There is a children’s book, entitled Are You My Mother?, in which a baby bird is born while his mother has gone to get some food for his arrival. Because she is not there when he emerges, he goes in search of her, asking the title question of the animals and machines he encounters. Along the way, he discovers none of them are his mother, a fact confirmed when he is reunited with her at the tale’s end. In this story, none of those who the bird questions are his mother. In our lives, though we come from our “birth mother” (some who stay present in our lives, some who don’t…), we all have the potential of being mothered by many people.
Not every woman gives birth to a child, but every woman, at some point in her life, has done some mothering – whether caring for a youth, an aging parent, friends, colleague, a pet, or even forming a business, idea or movement.
I lost my mother to the ravages of Alzheimer’s when she hadn’t even reached her sixth decade and I was just about to enter my third. That immense loss fueled my search for positive role models, women who were examples of growing older in Ageless ways, as well as women who could offer the wisdom and nurturing inherent in the role of mothering another.
It was the community of the feminist movement that transformed my life. From and with these women, I learned who I was at my core, was encouraged to break through my perceived limitations, and began to envision my aspirational future. I found my voice as a woman and became part of a network that crossed generations. We all learned from those who mothered us so we could connect with, usher in, and empower, the next generation who, in turn, now offer insights and new ways of nurturing based on their own experiences. Each generation of those who mother others literally and figuratively births the next generation.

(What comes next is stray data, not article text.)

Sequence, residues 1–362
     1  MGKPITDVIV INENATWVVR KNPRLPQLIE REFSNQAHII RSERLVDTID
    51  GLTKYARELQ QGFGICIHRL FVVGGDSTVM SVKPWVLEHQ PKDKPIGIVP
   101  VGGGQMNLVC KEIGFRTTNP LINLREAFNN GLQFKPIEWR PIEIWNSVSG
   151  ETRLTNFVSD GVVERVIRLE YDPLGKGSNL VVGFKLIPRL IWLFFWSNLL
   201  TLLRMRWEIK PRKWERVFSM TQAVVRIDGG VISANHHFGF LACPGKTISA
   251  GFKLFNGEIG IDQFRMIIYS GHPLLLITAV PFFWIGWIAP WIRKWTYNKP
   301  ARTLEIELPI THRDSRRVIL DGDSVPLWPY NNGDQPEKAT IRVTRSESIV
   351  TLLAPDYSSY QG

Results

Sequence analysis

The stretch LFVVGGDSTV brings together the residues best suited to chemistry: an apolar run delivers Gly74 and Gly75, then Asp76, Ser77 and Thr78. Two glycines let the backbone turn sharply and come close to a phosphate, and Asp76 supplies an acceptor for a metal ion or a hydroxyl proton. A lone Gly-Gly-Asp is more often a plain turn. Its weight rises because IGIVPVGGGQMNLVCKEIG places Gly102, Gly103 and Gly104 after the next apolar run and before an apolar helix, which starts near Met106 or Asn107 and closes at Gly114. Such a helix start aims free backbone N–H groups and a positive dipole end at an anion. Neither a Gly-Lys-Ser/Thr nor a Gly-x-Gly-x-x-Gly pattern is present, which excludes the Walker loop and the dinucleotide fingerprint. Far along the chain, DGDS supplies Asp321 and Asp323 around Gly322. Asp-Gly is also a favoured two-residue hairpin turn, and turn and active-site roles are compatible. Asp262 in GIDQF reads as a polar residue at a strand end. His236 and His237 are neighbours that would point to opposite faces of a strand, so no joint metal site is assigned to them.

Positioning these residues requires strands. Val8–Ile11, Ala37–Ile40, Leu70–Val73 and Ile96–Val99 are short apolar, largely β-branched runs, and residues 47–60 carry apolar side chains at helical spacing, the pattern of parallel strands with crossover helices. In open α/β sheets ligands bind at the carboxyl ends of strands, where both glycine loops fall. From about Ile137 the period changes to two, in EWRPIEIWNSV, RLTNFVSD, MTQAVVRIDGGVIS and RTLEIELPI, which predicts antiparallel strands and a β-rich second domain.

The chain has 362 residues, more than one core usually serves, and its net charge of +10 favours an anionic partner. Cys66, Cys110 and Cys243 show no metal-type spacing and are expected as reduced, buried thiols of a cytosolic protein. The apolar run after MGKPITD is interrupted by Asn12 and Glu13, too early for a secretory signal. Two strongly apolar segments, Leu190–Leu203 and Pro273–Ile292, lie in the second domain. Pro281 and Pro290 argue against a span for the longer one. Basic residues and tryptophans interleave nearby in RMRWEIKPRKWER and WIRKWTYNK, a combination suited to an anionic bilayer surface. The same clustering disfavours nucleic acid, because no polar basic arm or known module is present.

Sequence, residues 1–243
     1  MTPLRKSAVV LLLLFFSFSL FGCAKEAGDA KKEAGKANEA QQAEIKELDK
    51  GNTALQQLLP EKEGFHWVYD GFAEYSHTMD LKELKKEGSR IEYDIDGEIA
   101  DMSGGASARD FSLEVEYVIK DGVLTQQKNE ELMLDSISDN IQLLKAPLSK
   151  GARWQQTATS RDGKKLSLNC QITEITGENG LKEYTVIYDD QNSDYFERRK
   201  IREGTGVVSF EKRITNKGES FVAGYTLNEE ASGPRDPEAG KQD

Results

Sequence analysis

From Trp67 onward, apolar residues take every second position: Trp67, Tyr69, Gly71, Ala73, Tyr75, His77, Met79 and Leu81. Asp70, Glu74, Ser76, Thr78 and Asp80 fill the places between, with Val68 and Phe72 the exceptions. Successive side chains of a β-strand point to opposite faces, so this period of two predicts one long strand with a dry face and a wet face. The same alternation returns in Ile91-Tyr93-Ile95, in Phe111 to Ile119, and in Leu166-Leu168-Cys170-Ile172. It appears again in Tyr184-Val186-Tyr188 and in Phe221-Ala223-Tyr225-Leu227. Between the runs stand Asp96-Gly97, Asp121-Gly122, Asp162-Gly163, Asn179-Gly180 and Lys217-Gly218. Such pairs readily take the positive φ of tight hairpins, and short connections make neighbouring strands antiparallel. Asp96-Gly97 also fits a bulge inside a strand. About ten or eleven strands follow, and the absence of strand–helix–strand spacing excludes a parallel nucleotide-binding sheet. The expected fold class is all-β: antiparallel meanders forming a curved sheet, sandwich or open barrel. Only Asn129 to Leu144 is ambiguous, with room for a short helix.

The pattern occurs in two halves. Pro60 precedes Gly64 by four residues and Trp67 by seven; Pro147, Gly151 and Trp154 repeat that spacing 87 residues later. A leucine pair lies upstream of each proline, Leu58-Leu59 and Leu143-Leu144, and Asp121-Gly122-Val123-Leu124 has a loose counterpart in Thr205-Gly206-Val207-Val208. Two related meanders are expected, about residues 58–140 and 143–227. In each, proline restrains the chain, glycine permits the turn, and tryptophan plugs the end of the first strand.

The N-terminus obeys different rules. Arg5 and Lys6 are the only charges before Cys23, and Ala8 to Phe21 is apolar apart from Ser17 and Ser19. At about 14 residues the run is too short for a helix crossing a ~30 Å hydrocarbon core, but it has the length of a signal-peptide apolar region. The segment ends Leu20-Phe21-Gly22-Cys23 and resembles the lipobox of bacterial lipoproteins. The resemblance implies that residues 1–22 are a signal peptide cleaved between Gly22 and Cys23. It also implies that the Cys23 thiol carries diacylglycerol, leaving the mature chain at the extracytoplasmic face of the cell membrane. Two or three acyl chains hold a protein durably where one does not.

We mother at different ages, though the experience and wisdom that comes with growing older enhances what we can offer. Even consider the word grandmother, which references a parent’s parent or an elderly woman in a community. How wonderfully atypical – a welcome change from the usual ageist language – that the word GRAND indicates largess, having more importance, a recognition of our capabilities as we age. And let’s not forget the oldest mother of all: Mother Nature/Earth, who offers the land we live upon, whose air we breathe and whose food offers us comfort and survival.
I used to scoff at the contrived aspects of Mother’s Day until I became a grandmother and saw it as a time to honor my maternal lineage. Now, years later, I continue decades-long work on expanding how I mother by focusing on transforming our culture’s approach to growing older. This Mother’s Day, in honor of past lineage and future generations, I invite you to join me in birthing a new story about aging, a way for every one of us to mother ourselves and each other in order to reach our full potential and ensure lives of deep significance, purpose, and contentment.
What experiences have you had that exemplify what it is to “mother” another?